Similar effects happen with other instrument (families). There's a reason that close harmony voicing work so well with sax sections, and strings often play very wide voicings with octaves doubled on top etc.
But isn't it that such chords would be good for any instrument?
Piano (rather, keyboard instruments generally) and guitar are the most popular readily accessible instruments allowing a single person to play chords. They are also the primary instruments used for realizing harmonic accompaniments from lead sheets.
Furthermore, a lead sheet gives minimal information about voicing (mentioned in another answer) and is usable by any instrument.
Any chordal instrument can use a set of chords regardless of whether they're called "guitar" chords or "piano" chords. The only thing that is specific to a particular instrument is the fingering symbols that sometimes accompany guitar chords; these will be different for differently tuned instruments (including guitars tuned otherwise than in standard tuning).
So people offering chords on the internet use these labels because most people looking to find chords for a song are probably going to be playing it on piano or guitar, and if they're going to be using another instrument instead they know that it doesn't matter.
Just a little insight from a Bass Guitar player:
While I agree that all chords should be suitable to any instrument, sometimes it's not the case due to the way they are built or the role of instruments in an ensemble.
For a Bass, if any 2 notes chords will sound fine, and can be used as highlights in a line, most 3+ notes chords will just sound awfully, even when there is twice the same note at an octave difference. This is due to the nature of the instrument, there is a lot of sympathy on a Bass due to the lower tone (other strings with the same note or closely related harmonics that you are not playing will start to vibrate along), because there is more physical energy in the string vibration. In a chord, vibrations will start interacting with each other strongly, causing messy noises. The instrument is just not really designed for this.
Also, there is the role of the instrument in an ensemble, the role of the Bass is to be the "glue" between the others, between the drums and the melody. In many musical genres, it is "hidden" behind, mainly here to be felt as a groove more than heard. To achieve this, the part is usually simpler, if you add too many notes, it often only add noise to the whole thing, it makes it messy. So you don't usually play chords because it can easily ruin the balance of the ensemble. One 2 note chord at a specific timing can enhance things, but usually not more than that.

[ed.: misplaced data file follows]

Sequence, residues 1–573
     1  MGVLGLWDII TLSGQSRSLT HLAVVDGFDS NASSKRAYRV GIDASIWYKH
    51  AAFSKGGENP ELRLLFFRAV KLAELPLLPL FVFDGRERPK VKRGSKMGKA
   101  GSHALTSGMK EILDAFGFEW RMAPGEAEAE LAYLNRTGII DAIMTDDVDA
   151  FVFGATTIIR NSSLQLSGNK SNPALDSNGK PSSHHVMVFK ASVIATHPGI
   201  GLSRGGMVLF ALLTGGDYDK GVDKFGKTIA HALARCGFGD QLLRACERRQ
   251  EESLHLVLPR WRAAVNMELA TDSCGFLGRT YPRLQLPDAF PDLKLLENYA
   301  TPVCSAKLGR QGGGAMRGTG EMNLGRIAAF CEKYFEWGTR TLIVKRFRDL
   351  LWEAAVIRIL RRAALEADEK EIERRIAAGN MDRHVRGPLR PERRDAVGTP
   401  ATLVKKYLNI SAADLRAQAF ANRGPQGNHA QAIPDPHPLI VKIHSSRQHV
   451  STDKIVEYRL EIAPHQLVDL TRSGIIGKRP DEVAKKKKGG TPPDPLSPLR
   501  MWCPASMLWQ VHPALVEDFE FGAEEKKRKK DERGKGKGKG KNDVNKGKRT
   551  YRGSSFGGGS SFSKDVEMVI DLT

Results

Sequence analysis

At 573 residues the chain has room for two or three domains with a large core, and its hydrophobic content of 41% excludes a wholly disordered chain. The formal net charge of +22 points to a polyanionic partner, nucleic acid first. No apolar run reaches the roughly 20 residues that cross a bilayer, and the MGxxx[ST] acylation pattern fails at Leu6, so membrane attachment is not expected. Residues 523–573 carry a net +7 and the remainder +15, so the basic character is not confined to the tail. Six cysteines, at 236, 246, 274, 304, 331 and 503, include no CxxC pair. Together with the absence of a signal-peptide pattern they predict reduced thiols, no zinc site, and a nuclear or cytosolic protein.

No. Chords do not only sound good on specific instruments. Chords can sound good by any instrument capable of making a chord or a combination of instruments that are capable of playing only single notes. By definition a chord is two or more harmonic notes being played simultaneously.
A search online for chords will result in a tremendous amount of sources for guitar and piano (keyboard) chord shapes. The same notes for those chords can be played by other instruments or a group of instruments and sound good.
The band Incubus may be of some interest to you. It's guitarist Mike Einziger went on a search to find chords that are especially suited to the electric guitar. You may find his sound interesting. This coupled with tasteful use of a volume pedal was what the bands sound. It is interesting in how he used chords you would typically associate with Jazz in a rock band.
There is the very edge case of instrument not tuned in equal temperament. On these instruments you may find chords that sound very good in one temperament that will not work at all on another instrument tuned to a different temperament.
As I understand it, the equal temperament was invented to make chords sound equally (bad some say) regardless of which base key was used. In many older temperaments you could not play in equally well ;-) in all keys.